GEO. D. ROPER CORPORATION, NEWARK DIV. v. Local Union No. 16, 279 F. Supp. 717 (S.D. Ohio 1968)

US District Court for the Southern District of Ohio - 279 F. Supp. 717 (S.D. Ohio 1968)
February 16, 1968

279 F. Supp. 717 (1968)

GEO. D. ROPER CORPORATION, NEWARK DIVISION, Plaintiff,
v.
LOCAL UNION NO. 16, Affiliated with Stove, Furnace and Allied Appliance Workers' International Union of North America et al., Defendants.

Civ. A. No. 67-276.

United States District Court S. D. Ohio, E. D.

February 16, 1968.

*718 Richard C. Kibler, Newark, Ohio, Seyfarth, Shaw, Fairweather & Geraldson, Chicago, Ill., for plaintiff.

Zwerdling, Miller, Klimist & Maurer, Detroit, Mich., Frank A. Robison, Newark, Ohio, for defendant.

 
ORDER

KINNEARY, District Judge.

This matter is before the Court on a motion to remand an action which was removed to this court pursuant to 28 United States Code, Sections 1441, 1446. The motion, the memoranda in support, the brief and answer of the defendant, and the reply to defendant's answer have been well considered.

Plaintiff commenced this action in the Common Pleas Court of Licking County, State of Ohio, by filing a petition therein containing two causes of action. The first cause of action, directed at Local Union No. 16 (herein The Union) alleged a breach of the "no strike" provision of the collective bargaining agreement between the plaintiff and the defendant Union. The second cause of action, directed at individual members of The Union, asserted the same breach. The plaintiff seeks money damages only.

The summonses and petitions in the state court were served on the defendants on or about August 10, 1967. On September 5, 1967, the defendants removed this action to this court by filing a petition for removal pursuant to 28 United States Code, Section 1446. This petition alleged that this court has jurisdiction by virtue of Section 301 of the Labor-Management Relations Act of 1947, as amended, 29 United States Code, Annotated, Section 185, as an action arising under the laws of the United States. The petition for removal further alleges:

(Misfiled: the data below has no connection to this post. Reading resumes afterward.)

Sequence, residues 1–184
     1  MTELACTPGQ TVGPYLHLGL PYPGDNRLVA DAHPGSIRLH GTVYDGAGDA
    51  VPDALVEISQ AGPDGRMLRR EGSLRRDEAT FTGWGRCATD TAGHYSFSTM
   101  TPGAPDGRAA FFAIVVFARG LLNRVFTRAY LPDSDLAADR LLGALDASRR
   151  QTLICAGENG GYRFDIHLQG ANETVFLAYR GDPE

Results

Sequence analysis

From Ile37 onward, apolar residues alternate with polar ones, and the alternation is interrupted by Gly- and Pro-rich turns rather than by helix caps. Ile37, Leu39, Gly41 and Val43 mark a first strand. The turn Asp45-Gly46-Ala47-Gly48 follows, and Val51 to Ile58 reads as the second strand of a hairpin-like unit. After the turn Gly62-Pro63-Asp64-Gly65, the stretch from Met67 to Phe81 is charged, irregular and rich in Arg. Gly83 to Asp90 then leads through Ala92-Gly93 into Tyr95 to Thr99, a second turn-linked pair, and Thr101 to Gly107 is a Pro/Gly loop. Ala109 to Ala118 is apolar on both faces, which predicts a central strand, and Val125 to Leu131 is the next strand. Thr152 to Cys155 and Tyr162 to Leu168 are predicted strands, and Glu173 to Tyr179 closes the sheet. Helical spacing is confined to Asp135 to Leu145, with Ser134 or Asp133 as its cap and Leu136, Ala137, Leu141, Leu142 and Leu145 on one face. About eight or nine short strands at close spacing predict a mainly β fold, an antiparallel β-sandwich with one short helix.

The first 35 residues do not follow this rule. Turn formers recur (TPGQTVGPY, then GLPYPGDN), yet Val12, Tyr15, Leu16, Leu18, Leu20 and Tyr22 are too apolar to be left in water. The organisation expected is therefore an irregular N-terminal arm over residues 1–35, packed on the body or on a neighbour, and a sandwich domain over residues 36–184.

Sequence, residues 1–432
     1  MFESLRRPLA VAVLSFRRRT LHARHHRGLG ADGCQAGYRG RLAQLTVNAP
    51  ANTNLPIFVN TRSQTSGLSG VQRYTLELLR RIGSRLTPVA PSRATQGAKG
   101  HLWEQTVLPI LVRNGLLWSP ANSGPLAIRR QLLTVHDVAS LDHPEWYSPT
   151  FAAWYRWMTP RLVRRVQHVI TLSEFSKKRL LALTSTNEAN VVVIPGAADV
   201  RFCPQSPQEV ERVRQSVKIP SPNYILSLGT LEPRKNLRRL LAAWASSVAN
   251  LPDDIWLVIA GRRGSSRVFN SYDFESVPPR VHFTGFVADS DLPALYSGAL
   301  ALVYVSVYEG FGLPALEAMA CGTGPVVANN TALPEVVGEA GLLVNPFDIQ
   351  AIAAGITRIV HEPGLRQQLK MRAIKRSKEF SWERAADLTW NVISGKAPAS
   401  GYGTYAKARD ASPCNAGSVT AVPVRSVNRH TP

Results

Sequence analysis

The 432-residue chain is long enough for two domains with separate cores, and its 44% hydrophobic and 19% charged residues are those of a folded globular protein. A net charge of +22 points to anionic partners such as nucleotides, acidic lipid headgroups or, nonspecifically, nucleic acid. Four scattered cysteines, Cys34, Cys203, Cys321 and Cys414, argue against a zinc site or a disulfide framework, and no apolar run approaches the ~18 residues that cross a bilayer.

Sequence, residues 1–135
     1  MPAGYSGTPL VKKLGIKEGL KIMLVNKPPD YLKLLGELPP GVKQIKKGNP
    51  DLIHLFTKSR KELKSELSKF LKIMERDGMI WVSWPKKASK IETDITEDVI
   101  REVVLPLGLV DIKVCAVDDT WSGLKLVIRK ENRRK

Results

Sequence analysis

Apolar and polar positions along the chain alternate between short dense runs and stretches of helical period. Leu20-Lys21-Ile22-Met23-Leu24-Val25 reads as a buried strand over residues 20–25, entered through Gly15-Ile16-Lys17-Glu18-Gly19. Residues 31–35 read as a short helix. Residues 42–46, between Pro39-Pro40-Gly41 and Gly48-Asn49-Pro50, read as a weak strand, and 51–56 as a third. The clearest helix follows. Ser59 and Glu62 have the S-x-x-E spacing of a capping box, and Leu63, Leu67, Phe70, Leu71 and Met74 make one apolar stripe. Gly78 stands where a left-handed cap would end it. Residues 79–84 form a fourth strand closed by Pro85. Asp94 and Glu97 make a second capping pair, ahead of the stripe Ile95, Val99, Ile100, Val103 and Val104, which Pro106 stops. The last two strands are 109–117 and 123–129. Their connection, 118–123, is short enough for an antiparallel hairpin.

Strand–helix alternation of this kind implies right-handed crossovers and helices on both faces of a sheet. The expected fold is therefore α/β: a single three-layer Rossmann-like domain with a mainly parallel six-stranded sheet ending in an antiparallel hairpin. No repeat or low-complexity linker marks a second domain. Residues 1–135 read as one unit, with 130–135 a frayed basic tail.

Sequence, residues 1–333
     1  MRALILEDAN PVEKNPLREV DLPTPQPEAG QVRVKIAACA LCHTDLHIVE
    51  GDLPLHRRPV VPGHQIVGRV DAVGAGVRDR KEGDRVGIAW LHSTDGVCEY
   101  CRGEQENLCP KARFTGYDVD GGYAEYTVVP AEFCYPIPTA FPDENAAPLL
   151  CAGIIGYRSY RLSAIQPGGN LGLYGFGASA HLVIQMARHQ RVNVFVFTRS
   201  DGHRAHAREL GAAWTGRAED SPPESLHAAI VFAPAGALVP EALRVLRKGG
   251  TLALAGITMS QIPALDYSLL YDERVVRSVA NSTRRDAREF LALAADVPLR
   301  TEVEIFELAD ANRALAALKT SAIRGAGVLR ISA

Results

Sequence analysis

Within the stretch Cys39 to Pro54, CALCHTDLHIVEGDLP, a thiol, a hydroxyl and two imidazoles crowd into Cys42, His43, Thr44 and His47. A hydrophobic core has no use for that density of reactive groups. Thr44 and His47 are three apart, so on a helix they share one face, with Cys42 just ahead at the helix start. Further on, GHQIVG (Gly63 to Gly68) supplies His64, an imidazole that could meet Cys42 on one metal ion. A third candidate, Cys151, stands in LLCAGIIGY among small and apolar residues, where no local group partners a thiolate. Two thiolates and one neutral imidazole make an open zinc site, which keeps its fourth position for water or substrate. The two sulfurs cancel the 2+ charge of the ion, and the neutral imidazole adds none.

The defendant Union is a labor organization representing employees in an industry affecting commerce, and plaintiff company is an employer engaged in commerce, namely an industry or activity in commerce, in which a labor dispute would burden or obstruct commerce, or tend to burden or obstruct commerce, or the free flow of commerce.

Plaintiff's motion to remand challenges the sufficiency of this allegation upon the ground that it does not designate "commerce" "as within the meaning of said Labor-Management Relations Act." Plaintiff also contends that this Court is not permitted to look beyond the original petition filed in the state court to determine the question of federal jurisdiction.

If the allegation in the petition for removal is a sufficient allegation of commerce as within the meaning of the Labor-Management Relations Act, this Court has original jurisdiction, and the motion to remand must be denied. Johnson v. England, 356 F.2d 44 (9th Cir. 1966).

 
Section 301 of the Labor Management Relations Act, 29 U.S.C., Section 185, confers jurisdiction upon the District Court without regard to diversity of citizenship or jurisdictional amount to enforce collective bargaining agreements in industries affecting interstate commerce. * * *
 
*719 * * * * * *
 
* * * all rights and claims arising from a collective bargaining agreement in an industry affecting interstate commerce arise under Federal law. Avco Corp. v. Aero Lodge No. 735, Int. Ass'n of Mach. & Aero W., 376 F.2d 337, 339-340 (6th Cir. 1967).